The woman who brought up body image in our support group, was also the only one there who came out on the slender end of “doing it wrong” as far as media messaging was concerned.
Every time someone made a comment about skinny being what was shown to us as good by popular culture, I cringed.
About halfway through the session I requested to switch to calling it more accurately: disproportionate.
Skinny or curvy is not the issue, photoshop is.
There is no physically-healthy way to have the current mainstream media “perfect body”, because even the people on whom these caricatures are based on do not look like that—in some rather extreme ways. (If the video below ever fails, google, photoshop model before and after.)
I barely spoke English and didn’t have my period yet when I developed a fascination for teen magazines. Shortly after that my family started criticizing both what I looked like and how much I ate. At 5’1″ and 122 pounds, I was yelled at for eating too much and being too fat. It would thrill me to get back to 150 now, at the same hight. Of all the things I am pissed off about, the resulting eating disorder is pretty high on my list.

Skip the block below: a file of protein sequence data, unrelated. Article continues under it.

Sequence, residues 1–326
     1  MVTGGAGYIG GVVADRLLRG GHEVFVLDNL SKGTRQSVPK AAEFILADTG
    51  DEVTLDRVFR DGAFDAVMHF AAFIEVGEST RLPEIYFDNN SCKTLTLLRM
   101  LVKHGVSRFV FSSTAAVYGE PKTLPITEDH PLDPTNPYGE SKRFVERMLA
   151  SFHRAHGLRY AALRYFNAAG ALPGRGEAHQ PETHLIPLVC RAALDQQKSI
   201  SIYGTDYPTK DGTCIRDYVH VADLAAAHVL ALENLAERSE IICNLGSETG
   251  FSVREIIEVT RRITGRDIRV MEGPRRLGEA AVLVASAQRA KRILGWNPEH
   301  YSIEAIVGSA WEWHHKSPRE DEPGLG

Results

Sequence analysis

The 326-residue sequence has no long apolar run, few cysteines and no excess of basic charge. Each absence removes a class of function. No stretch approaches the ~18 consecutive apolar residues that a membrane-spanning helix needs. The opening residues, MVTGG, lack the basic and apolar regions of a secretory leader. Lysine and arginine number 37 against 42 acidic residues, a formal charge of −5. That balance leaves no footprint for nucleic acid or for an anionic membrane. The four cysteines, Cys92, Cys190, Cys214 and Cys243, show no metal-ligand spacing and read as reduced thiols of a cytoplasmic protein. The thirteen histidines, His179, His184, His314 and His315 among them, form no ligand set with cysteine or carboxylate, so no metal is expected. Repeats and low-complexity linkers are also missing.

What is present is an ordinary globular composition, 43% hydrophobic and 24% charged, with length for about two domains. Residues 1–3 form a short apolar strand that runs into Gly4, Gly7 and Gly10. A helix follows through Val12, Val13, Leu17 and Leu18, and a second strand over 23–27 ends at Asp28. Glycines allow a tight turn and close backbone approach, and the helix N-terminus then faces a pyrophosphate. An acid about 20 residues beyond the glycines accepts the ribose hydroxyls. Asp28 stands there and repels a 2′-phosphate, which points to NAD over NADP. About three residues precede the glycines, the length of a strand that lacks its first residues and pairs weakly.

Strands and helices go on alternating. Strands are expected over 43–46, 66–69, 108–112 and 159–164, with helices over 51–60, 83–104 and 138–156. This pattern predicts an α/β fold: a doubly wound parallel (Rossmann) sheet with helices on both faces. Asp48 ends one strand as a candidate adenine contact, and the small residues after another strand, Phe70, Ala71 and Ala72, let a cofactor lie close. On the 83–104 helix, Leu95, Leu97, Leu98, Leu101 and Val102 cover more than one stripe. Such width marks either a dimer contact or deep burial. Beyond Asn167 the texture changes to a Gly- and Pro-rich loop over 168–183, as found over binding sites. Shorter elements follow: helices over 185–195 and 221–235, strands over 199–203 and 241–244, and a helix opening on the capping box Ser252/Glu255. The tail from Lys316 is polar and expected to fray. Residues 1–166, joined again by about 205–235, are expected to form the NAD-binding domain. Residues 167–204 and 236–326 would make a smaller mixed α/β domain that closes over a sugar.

It never occurred to me that non-slender people could be attractive, because I never saw examples of fuller-bodied women dressed in a way that I liked, with an attractive and comfortable carriage. I am sure they where around, but not in 8th grade and not in the magazines.
Weight, and how little one should eat, and who is looking good this month, were among my grandmother’s favorite topics. These days it is a conversation stopper. I will walk out. Especially since all the women in the family are within 2 inches in height and within 25 pounds of each other, no matter what diet or exercise program we are using. We are short and curvy and always will be. Her commentary is interspersed with offers of food, candy, and advice about salads (have I heard of them?)—a sickening combination. When I visit New York City, where this happens, I twitch about everything and hate myself for the following two weeks, but I am working on that.